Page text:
They told me they updated the numbers in the model we created for the ensemble testing session. I was confused - what numbers? That model sketched early ideas of how three height parameters would impact the measurements in the end, but it was a quick sketch from an hour of work, not a fill in the ready blanks model. So I asked for demo to understand. 

I was shown how they changed three parameters of height. Restart the subsystem. Basic operations of the subsystem they have been testing for over a year. The interesting conversation was on what did they then test. It turns out they did the exact same moves on the subsystem on a build without the changes and on a build with the changes. They concluded that since the difference they see is in sending the data forward but the data is the same, it must be right. Regression oracle. But very much partial oracle, and partial intent. 

In the next minutes, I pulled up a 3rd party reference and entered the parameters to have comparable values. We learned that they had the parameters wrong, because if the values aren't broken with the latest change, then the change of configuration is likely incorrect. They did not explore values for plausibility, and they were way off. 

I asked to show what values they compared, to learn they chose an internal value. I asked to pull up the first subsystem's user interface for the comparable values. Turns out that the value they compared is likely missing multiple steps of processing to become the right value.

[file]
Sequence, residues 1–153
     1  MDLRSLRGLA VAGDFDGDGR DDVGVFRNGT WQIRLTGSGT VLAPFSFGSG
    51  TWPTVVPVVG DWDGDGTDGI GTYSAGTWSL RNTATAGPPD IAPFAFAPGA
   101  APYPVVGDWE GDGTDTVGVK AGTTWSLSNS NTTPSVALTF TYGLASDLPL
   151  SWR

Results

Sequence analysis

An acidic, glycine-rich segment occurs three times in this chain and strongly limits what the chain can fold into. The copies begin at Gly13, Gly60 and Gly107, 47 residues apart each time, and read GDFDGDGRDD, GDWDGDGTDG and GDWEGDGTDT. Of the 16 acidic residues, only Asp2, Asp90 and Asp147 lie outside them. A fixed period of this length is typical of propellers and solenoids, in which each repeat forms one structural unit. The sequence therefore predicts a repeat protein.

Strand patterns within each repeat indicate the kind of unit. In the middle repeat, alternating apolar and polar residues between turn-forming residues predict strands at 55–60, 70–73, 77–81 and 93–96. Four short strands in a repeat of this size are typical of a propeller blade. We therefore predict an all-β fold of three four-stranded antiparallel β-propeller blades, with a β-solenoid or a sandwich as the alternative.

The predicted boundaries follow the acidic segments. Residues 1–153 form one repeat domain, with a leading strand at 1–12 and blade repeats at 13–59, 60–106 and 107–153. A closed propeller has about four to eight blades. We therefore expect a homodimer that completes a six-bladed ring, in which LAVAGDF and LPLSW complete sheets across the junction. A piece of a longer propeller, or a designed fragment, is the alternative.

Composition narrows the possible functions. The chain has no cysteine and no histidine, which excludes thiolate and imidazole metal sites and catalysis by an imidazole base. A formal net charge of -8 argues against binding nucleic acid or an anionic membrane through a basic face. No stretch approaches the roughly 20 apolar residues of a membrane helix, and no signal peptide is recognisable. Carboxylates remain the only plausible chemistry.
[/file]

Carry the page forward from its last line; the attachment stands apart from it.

For junior testers such as this one, I expect I will coach them by having these conversations. I have been delighted with picking up information as new information comes, and I follow the trend of not having to cover same ground all the time. I understand how this blindness to result comes about: in most cases testing a legacy system, the regression oracle keeps them on path. In this case, it leads them to the wrong path. They only took ISTQB course which does not teach you testing. I am their first person to teach this stuff. But it is exhausting. Especially since there are courses like mine or like BBST that they could learn from, and provide the results for the right intent. Learn to control their intent. Learn to *explore*. 

At the same time, I am thinking that all too often juniors to testing - regardless of their years of experience - could learn slightly more before becoming same costs as developers. This level of thinking would not work for a junior developer. 

Testers get by because they can be just without value. Teamwork may make them learn or become negative value. But developers don't get by because the without value of their work gets flagged sooner.  


Wednesday, February 14, 2024

Making Releases Routine

Last year I experienced something I had not experienced for a while: a four month stabilisation period. A core of the work of testing-related transformations I had been doing with three different organizations was to bring down release timeframes, from these months long versions to less than an hour. Needless to say, I considered the four month stabilisation period a personal fail.